The desktop environment (DE) is the graphical interface you will be staring at all day. Unlike windows, mac, or chrome, with Linux you have a choice of desktops. It is separate from the core of the distro and can be installed independently. In fact you can install more than one! In most cases you will choose a distro bundled with a DE, and most distros will give you several choices. Things to consider:

  • Weight. How graphics heavy is it. If you have an old computer or low spec hardware, go light!
  • Configurability. How much do you want to tweak the look and feel? Do you want it to just look good out of the box?
  • Unique vs. traditional. Do you want something different or are you nostalgic for the old days?

Major desktops:

  • GNOME. modern, minimalistic, no start menu, extensions add functionality, themes easily change the look.
    • Budgie. up-and-coming project (get newest version with Solus)
    • Cinnamon. more traditional desktop with start menu (get newest version with Mint)
    • MATE. traditional, based on an old version of GNOME
    • Unity. Until version 17.10, Ubuntu shipped with a unique desktop. It is still available in LTS version 16.04, but the future is uncertain.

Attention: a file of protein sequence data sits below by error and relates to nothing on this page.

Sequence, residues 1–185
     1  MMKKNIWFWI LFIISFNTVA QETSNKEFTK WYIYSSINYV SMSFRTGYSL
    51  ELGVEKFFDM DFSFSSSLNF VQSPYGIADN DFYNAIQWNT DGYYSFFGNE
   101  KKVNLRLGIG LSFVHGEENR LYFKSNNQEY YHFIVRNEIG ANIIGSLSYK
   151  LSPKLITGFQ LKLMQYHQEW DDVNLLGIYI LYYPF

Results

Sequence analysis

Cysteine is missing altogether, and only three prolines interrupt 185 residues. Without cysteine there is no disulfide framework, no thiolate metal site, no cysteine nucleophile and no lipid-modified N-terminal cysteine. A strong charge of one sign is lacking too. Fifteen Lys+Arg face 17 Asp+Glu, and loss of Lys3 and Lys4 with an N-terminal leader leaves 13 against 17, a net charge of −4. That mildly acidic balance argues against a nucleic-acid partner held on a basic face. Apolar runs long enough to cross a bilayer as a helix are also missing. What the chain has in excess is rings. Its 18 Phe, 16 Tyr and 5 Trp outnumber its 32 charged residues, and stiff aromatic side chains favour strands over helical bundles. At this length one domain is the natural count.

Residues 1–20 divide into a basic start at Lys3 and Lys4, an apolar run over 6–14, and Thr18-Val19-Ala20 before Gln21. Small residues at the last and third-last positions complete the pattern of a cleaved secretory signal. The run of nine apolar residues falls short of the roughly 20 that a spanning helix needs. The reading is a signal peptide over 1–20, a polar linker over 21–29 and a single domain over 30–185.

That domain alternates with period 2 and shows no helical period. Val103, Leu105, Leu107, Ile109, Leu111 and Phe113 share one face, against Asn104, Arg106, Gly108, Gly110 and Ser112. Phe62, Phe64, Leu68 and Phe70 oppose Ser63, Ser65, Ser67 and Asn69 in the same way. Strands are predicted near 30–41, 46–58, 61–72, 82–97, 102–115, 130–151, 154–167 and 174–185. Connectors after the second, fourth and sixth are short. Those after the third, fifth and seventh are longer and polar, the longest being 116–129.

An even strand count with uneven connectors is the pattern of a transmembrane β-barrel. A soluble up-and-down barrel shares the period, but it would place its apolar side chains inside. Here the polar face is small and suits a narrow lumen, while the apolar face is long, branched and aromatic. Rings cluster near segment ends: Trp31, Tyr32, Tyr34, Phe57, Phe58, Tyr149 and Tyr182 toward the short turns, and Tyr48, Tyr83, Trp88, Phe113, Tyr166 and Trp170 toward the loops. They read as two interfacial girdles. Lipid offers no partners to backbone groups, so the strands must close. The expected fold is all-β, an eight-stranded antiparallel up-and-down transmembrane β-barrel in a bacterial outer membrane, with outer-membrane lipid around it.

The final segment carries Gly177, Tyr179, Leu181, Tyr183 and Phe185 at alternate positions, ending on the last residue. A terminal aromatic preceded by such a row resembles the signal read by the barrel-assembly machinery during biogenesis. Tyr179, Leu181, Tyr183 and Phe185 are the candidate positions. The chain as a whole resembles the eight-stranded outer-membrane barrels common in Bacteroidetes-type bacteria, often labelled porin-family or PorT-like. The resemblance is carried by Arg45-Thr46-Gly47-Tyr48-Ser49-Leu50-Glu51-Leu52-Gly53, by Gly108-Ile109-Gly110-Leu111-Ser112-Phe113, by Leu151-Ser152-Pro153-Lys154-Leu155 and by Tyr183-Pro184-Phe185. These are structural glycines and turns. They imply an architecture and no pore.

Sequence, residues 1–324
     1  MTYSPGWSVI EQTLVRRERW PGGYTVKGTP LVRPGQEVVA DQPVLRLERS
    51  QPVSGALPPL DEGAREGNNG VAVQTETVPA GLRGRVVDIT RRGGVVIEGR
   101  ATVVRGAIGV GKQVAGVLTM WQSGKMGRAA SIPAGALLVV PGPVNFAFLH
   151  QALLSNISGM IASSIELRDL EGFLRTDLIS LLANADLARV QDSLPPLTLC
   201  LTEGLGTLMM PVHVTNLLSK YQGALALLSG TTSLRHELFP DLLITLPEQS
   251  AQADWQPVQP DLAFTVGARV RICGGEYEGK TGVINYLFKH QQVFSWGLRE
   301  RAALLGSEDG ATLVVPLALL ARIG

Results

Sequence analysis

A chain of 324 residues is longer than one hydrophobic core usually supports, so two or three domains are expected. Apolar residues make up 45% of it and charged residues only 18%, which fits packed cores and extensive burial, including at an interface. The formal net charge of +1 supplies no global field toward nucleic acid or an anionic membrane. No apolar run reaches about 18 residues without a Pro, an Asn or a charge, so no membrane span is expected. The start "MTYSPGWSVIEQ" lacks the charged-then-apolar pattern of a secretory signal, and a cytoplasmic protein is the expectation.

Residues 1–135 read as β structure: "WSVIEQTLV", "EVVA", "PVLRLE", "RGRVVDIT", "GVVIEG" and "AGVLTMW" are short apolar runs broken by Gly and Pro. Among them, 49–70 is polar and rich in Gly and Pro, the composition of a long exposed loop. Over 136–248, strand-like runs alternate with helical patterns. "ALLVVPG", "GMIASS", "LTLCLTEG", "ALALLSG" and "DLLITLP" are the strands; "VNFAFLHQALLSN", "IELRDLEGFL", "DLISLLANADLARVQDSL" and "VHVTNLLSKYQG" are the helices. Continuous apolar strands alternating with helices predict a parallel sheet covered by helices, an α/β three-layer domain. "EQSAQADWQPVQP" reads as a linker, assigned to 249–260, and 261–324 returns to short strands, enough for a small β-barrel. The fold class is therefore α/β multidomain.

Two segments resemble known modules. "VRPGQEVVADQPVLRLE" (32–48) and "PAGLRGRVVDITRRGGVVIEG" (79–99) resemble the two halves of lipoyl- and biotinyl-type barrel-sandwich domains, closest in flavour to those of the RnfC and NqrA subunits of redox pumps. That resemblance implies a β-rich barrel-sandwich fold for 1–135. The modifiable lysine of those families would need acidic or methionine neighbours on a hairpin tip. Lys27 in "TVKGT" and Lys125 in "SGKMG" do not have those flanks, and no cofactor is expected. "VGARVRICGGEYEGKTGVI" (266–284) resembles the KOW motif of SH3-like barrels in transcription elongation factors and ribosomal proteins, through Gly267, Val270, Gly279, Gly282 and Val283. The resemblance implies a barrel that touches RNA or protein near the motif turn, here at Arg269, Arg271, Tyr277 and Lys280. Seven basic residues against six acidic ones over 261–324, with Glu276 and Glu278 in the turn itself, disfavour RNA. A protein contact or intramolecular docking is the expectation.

• KDE. very configurable, complex, windows-like (get newest version with Neon)
  • Xfce. lighter weight, traditional linux desktop
  • LXDE. very light weight, basic features. Also see LXQt variant.
  • Tiling window managers, e.g. xmonad

Most desktops support themes which make it easy to change the look and feel. For example check out the themes page at OMG! Ubuntu!. You might hear about GTK vs. Qt applications and themes. Gnome uses GTK and KDE uses Qt, so applications based on the non-native tool kit won’t style correctly.

Try and Install!

The best way to learn Linux is to try it. When you buy a Windows, Chromebook, or Mac computer, the operating system (OS) comes pre-installed. However, if you are interested in running Linux or other open OS, you will have to install it yourself. Modern Linux distros are released as an ISO disk image, often called a “live cd” or “live usb”. This means you can download an ISO, burn it to a USB stick, and then boot up into the desktop without actually installing or changing your hard drive! Give it a try, with these instructions.

Or you can install VirtualBox on a computer to try out any distro in a disposable virtual machine. The performance will be very limited, but it is an easy way to test something out or see what the install process looks like.